- The Washington Times - Friday, October 6, 2000

Russia's biological weapons sites, which pose a far greater threat than do its nuclear weapons, may have been dismantled and hidden for future use, according to a leading specialist on the weapons plants.

"The capability of the old Russian Ministry of Defense sites remains uninvestigated and largely unknown," said Christopher Davis, a member of the first Western team to visit biological warfare facilities of the former Soviet Union.

"The suspicion is that, at the very least, the basic know-how, expertise, equipment and stock of seed cultures have been retained somewhere within the Ministry of Defense system," he said Monday at Jane's Conference on Weapons of Mass Destruction in Arlington, Va.

Mr. Davis traced the Soviet history of biological warfare research and development, and noted areas of concern.

"Biological agents, if of the transmissible variety, are capable of causing casualties far in excess of those caused by nuclear weapons," he said.

These weapons are also available at a lower cost than nuclear weapons.

The special characteristics of biological weapons include their ability to attack all "living targets," which range from human beings to plants and livestock, possibly rendering a nation unable to feed itself.

Some biological weapons also have the ability to first exhibit their effects on an area hours or possibly days after their release, making it difficult to ascertain the identity of the aggressor.

The United States chose to disarm its biological warfare program in 1969, but the Soviet Union continued its warfare development through the establishment of an agency named Biopreparat in 1973-1974.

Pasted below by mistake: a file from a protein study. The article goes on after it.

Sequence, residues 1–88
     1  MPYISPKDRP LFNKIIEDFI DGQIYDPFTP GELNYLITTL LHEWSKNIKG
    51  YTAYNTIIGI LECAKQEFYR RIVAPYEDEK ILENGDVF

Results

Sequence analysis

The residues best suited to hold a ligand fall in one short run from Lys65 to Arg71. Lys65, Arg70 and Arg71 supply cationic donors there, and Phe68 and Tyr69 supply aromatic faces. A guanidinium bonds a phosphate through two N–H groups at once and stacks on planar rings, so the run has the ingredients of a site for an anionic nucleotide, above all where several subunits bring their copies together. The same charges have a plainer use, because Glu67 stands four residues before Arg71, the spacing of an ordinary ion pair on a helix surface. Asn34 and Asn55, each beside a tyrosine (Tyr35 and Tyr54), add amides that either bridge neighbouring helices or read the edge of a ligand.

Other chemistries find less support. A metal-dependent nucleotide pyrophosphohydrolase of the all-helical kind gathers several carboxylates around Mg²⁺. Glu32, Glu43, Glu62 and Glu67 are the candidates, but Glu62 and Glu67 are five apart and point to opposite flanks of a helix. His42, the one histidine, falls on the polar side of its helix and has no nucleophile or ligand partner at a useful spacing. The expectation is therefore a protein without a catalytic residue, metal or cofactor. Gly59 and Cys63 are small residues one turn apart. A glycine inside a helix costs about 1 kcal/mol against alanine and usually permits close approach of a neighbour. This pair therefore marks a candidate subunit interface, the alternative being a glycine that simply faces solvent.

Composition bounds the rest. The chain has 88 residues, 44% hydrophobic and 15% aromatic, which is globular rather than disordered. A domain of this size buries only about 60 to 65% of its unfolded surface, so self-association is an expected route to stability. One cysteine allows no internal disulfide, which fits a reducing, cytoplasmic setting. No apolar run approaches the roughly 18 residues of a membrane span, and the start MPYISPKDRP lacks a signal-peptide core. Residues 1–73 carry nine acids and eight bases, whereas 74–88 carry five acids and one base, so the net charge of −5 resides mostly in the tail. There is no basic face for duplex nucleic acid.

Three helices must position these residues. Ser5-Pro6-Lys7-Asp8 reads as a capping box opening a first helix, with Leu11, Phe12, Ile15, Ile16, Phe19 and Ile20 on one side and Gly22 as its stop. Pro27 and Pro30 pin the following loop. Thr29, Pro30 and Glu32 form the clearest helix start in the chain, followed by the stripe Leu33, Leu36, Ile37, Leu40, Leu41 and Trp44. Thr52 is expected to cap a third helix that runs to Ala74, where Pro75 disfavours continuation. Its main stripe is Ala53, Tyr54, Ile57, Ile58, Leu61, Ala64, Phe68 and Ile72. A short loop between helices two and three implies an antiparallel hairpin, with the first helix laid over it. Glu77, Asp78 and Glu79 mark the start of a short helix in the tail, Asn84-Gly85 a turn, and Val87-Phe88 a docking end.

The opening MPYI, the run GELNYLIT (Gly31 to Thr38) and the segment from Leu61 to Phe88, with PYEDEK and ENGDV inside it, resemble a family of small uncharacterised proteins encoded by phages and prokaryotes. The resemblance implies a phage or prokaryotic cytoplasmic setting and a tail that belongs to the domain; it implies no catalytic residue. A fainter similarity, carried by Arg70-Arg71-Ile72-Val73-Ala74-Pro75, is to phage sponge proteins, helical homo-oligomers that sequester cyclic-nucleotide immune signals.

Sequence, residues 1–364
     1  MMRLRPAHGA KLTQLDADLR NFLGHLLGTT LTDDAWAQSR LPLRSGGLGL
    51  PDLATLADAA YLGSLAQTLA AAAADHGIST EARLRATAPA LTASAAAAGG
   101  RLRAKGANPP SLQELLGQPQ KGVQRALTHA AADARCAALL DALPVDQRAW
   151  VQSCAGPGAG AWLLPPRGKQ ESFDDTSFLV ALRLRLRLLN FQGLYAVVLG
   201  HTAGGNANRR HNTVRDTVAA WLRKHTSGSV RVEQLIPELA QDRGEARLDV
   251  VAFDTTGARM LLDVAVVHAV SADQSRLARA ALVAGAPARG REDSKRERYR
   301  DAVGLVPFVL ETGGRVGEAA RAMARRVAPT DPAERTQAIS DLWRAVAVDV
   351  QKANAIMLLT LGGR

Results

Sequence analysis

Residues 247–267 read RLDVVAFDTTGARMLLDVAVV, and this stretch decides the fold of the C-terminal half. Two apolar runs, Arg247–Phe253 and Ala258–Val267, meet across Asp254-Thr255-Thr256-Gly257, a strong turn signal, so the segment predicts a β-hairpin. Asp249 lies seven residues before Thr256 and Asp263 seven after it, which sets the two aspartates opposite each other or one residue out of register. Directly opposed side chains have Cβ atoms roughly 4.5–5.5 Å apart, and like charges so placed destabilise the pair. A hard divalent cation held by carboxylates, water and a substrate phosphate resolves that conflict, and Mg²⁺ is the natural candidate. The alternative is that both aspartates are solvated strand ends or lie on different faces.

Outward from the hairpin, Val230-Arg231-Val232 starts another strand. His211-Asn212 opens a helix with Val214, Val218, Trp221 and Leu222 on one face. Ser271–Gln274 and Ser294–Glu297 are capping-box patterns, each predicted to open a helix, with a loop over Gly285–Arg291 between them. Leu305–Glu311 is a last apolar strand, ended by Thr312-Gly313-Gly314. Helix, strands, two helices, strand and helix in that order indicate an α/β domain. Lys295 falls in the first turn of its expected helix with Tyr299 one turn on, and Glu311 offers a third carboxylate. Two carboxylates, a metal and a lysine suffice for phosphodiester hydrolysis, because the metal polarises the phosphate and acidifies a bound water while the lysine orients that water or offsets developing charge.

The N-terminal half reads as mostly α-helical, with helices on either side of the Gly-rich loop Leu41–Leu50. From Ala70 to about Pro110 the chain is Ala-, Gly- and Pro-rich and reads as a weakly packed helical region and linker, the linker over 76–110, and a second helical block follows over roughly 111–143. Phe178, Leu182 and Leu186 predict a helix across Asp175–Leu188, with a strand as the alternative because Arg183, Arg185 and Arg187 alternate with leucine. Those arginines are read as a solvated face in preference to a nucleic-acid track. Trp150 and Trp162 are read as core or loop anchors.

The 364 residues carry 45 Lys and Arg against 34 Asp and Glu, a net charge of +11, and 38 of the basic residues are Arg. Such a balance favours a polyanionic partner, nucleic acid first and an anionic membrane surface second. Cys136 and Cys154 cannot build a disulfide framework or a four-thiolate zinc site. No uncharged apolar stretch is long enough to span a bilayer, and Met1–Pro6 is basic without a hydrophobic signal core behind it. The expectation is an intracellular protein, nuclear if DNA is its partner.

Biopreparat developed biological weapons behind a civilian facade of pharmaceutical and biotechnology industries. This tactic served as an alternative to chemical and nuclear weapons controlled under arms treaties and weapons conventions.

For many years, only a small number of people across the Atlantic were aware of the problem, and many chose not to listen to their warnings, Mr. Davis said.

Only in the period between 1989 and 1991 were analysts able to convince governments that these programs were a threat to the world.

A secret U.S.-British visit to Russian facilities took place in 1991, but as late as 1993, the two nations still were confronting the former Soviet Union about the continued development of biological warfare.

Since then, while Biopreparat has undergone change, efforts were continually being made to help Russians convert these military establishments into civilian facilities.

Now the chief scientific adviser for the Applied Sciences Group at Veridian Systems, Mr. Davis cited several issues that remain unresolved.

"What happened to the part of the program in the closed military facilities to which there have been no visits by Western experts?" he asked.

Also of concern are the hundreds of personnel who were involved in Biopreparat. There are rumors that many have been offered work by certain governments in the Middle East.

Mr. Davis also stressed his concern with regard to the stocks of seed cultures to be used in the production of weapons.

Robert Gallucci, dean of Georgetown University's School of Foreign Service, agreed with Mr. Davis' assessment.

"This is not a new problem," he said. "Ever since [former President Boris] Yeltsin agreed to a program of visits between the U.K., U.S. and Russia almost a decade ago, we have been working with Russian governments to bring transparency to this problem."

He added that although some advance has been made in gaining access to former Soviet biological warfare facilities, those under the Ministry of Defense remain closed to visitors.

"There is concern, therefore, that there remains a very large production capacity, and possibly even research and stockpiles, that have not been destroyed as required by the Biological Weapons Convention," Mr. Gallucci said.

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